“However, recent profits downgrades – and risks to the US growth – mean these estimates are likely too optimistic”, she says.

“On our estimates earnings will be closer to 5-10 per cent in 2020, although there could be some upside from a weaker US dollar,” says Mousina6.

Oliver says the US dollar appears to have peaked7. The US dollar tends to rise on uncertainty and fall as confidence returns. The dollar fell against most currencies over the last few months of 2019 and looks likely to remain below its 2019 highs as global growth improves.

A lower US dollar lifts US company profits as 40 per cent of sales are from offshore.

Central banks have been easing decisively, partly offsetting the negative impacts of trade tensions and helping to prevent a further rapid worsening of the economic outlook. However, to date, other than a few countries, fiscal policy has been only marginally supportive, and not especially of investment”

- OECD, 2019

Global markets

2020 could be a good year for global equities markets8. Europe and Japan are starting to show signs of a turnaround – which is often a good sign of global growth outside the US. The economies of Europe and Japan are more cyclical than in the US and depend on industries like manufacturing. The US is more service oriented.

Europe has suffered a slowdown partly due to drag from the German economy, which is heavily manufacturing and trade focused, but Brexit is fading as a threat.

“Brexit is a concern, but it’s not the same concern that it was three years ago,” says Oliver.

“Three years ago, we got worried about Brexit because there was this fear that if the UK left the EU then it would set off a domino effect of other countries leaving the EU and the Eurozone.

“But since then we’ve seen elections in Italy, France, Greece, Spain, Netherlands… and they’ve all… voted for parties that want to stay in.

“The level of support for the Euro remains pretty high."

Turn down the noise

Oliver offers some eternal principles to keep in mind in 2020.

Remember the power of compound interest, stay focused on the long term and don’t get thrown by the economic cycle, diversify, avoid selling after short-term downturns, beware of following the crowd at extremes, focus on understandable investments with sustainable cashflows – and seek advice.
But above all, turn down the noise.

“This is very important,” he says. “We get obsessed every time the market takes a tumble… down many billions of dollars.

“But we’re never told when the billions are put back on. And in the great scheme of things, I think most market gyrations are a non-event.

“We get obsessed over very trivial events.”

The OECD view 

The OECD’s latest economic outlook9, released November 2019, downgrades forecasts for global growth as policy uncertainty and weak trade weigh on growth.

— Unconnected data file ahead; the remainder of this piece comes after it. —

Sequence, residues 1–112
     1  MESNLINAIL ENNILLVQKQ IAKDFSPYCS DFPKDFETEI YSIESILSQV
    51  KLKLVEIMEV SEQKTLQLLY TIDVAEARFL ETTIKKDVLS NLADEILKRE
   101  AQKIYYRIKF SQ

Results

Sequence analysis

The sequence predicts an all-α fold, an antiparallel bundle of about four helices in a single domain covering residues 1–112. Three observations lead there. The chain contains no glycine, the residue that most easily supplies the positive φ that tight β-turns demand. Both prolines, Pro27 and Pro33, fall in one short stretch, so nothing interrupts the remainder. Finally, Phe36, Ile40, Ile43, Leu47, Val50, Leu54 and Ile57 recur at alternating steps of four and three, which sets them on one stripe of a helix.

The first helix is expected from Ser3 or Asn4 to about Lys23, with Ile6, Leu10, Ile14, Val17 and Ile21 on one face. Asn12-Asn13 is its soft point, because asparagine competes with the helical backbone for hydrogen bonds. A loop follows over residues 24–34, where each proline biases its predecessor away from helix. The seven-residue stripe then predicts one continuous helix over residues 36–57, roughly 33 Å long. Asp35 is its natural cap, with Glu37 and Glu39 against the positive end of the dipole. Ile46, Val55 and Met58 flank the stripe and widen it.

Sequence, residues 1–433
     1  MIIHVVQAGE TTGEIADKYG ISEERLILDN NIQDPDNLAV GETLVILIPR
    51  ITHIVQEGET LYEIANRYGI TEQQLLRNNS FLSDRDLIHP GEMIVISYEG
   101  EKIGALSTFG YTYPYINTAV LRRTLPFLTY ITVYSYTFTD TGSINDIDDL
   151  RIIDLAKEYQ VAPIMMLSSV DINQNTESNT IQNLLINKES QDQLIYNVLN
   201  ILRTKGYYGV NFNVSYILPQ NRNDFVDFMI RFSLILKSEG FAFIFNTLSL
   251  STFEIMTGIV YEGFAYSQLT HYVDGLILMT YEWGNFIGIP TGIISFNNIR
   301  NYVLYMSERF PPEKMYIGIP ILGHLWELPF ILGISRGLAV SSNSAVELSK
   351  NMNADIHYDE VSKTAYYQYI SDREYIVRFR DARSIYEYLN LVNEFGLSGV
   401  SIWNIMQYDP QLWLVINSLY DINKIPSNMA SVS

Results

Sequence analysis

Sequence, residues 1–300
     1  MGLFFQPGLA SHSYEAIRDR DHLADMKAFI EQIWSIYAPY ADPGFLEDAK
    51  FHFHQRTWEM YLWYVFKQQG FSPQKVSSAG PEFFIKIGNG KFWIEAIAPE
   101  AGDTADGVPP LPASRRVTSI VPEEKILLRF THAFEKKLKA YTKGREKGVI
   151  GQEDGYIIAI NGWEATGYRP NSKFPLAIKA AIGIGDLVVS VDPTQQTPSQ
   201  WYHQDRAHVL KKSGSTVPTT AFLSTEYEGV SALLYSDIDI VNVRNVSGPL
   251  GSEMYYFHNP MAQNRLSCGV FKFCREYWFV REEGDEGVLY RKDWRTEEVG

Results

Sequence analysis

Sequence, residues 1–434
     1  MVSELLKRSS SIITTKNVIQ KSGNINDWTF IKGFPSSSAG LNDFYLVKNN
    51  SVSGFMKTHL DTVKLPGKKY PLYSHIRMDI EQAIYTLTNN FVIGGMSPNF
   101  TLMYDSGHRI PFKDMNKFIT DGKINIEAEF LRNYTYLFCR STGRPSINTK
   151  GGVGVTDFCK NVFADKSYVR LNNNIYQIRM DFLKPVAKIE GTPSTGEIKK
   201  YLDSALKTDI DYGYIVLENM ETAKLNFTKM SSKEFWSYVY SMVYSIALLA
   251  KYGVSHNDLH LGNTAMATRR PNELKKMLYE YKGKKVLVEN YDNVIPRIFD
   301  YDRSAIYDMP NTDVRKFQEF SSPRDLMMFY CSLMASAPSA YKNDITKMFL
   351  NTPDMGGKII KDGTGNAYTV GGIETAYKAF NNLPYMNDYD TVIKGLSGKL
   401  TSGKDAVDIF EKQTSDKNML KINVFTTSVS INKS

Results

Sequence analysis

For 2020-21, the OECD estimates global economic growth of 3 per cent, well down from its own forecast a year earlier of 3.5 per cent. At 3 per cent, global growth would be the weakest since the global financial crisis.

Across the world, the OECD sees mixed performances depending on how exposed to trade each economy is. The US is seen slowing to a 2 per cent growth rate by 2021, while growth in Japan is tipped to be 0.7 per cent. Europe is forecast to grow 1.2 per cent, while Chinese growth is seen slowing to around 5.5 per cent.

The OECD urges governments to use fiscal policy to revive growth.

“Central banks have been easing decisively and timely, partly offsetting the negative impacts of trade tensions and helping to prevent a further rapid worsening of the economic outlook,” says the OECD.

“However, to date, other than a few countries, fiscal policy has been only marginally supportive, and not especially of investment.”

The OECD warns that climate change and digitalisation are ongoing structural changes affecting all economies. It also cautions that the trade wars mushrooming across the globe will continue to damage growth prospects. Fortunately most of these involve the US and for the reasons noted above, it is likely to want to tone them down a bit in 2020.

Important Notes

While every care has been taken in the preparation of these articles, AMP Capital Investors Limited (ABN 59 001 777 591, AFSL 232497) makes no representation or warranty as to the accuracy or completeness of any statement in them including, without limitation, any forecasts. Past performance is not a reliable indicator of future performance. Performance goals are merely goals. There is no guarantee that the strategy will achieve that level of performance. The information in this document contains statements that are the author’s beliefs and/or opinions. Any beliefs and/or opinions shared are as at the date shown and are subject to change without notice. These articles have been prepared for the purpose of providing general information, without taking account of any particular investor’s objectives, financial situation or needs. They should not be construed as investment advice or investment recommendations. An investor should, before making any investment decisions, consider the appropriateness of the information in this document, and seek professional advice, having regard to the investor’s objectives, financial situation and needs. This document is solely for the use of the party to whom it is provided and must not be provided to any other person or entity without the express written consent of AMP Capital.

Edition 4 - Article 4

One in a million